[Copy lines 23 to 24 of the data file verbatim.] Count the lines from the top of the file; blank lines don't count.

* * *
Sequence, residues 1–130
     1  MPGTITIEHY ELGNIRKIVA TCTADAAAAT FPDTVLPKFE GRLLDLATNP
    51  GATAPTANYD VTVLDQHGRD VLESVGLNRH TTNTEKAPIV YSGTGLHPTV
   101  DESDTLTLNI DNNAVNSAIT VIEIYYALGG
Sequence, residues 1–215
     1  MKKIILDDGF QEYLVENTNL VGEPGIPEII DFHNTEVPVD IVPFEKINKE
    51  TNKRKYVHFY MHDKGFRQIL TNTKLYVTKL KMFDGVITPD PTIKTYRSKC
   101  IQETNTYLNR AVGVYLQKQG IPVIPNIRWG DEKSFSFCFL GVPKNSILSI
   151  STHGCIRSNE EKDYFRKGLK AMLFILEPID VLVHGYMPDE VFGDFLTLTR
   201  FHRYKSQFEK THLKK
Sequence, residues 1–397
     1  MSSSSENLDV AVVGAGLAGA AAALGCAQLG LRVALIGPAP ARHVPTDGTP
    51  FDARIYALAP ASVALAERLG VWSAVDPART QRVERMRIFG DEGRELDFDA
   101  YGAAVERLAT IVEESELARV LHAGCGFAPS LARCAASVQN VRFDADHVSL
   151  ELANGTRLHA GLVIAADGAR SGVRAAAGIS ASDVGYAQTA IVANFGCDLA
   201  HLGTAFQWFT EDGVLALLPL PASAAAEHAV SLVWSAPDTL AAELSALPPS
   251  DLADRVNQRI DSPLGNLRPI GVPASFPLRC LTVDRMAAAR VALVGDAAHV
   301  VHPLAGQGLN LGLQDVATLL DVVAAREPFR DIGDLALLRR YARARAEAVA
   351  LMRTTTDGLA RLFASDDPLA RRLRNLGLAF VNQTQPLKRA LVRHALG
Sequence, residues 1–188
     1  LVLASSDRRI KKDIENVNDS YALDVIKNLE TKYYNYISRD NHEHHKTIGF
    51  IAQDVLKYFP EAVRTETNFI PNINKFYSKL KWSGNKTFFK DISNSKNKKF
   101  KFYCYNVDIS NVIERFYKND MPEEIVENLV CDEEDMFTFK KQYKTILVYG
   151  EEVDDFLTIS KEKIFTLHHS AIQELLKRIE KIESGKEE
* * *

   101  KFYCYNVDIS NVIERFYKND MPEEIVENLV CDEEDMFTFK KQYKTILVYG
   151  EEVDDFLTIS KEKIFTLHHS AIQELLKRIE KIESGKEE